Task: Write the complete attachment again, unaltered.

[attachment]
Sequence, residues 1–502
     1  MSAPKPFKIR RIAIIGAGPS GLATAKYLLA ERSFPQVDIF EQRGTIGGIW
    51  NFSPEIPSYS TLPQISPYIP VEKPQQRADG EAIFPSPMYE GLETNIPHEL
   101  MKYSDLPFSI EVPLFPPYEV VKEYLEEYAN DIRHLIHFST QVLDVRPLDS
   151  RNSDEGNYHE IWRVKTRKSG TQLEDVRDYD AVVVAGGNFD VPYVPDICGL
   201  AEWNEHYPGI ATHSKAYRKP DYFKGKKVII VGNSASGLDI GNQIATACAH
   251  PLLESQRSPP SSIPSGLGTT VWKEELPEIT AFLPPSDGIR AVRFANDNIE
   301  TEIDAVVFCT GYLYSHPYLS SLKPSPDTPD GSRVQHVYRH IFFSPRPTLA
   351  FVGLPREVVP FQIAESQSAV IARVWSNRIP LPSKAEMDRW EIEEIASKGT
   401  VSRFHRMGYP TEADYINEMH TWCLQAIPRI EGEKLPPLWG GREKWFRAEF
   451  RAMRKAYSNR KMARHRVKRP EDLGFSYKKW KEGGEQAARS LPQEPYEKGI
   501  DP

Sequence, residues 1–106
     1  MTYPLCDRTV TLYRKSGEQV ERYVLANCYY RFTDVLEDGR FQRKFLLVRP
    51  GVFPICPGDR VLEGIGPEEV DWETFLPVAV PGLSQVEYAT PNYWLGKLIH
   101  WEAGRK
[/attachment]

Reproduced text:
Sequence, residues 1–502
     1  MSAPKPFKIR RIAIIGAGPS GLATAKYLLA ERSFPQVDIF EQRGTIGGIW
    51  NFSPEIPSYS TLPQISPYIP VEKPQQRADG EAIFPSPMYE GLETNIPHEL
   101  MKYSDLPFSI EVPLFPPYEV VKEYLEEYAN DIRHLIHFST QVLDVRPLDS
   151  RNSDEGNYHE IWRVKTRKSG TQLEDVRDYD AVVVAGGNFD VPYVPDICGL
   201  AEWNEHYPGI ATHSKAYRKP DYFKGKKVII VGNSASGLDI GNQIATACAH
   251  PLLESQRSPP SSIPSGLGTT VWKEELPEIT AFLPPSDGIR AVRFANDNIE
   301  TEIDAVVFCT GYLYSHPYLS SLKPSPDTPD GSRVQHVYRH IFFSPRPTLA
   351  FVGLPREVVP FQIAESQSAV IARVWSNRIP LPSKAEMDRW EIEEIASKGT
   401  VSRFHRMGYP TEADYINEMH TWCLQAIPRI EGEKLPPLWG GREKWFRAEF
   451  RAMRKAYSNR KMARHRVKRP EDLGFSYKKW KEGGEQAARS LPQEPYEKGI
   501  DP

Sequence, residues 1–106
     1  MTYPLCDRTV TLYRKSGEQV ERYVLANCYY RFTDVLEDGR FQRKFLLVRP
    51  GVFPICPGDR VLEGIGPEEV DWETFLPVAV PGLSQVEYAT PNYWLGKLIH
   101  WEAGRK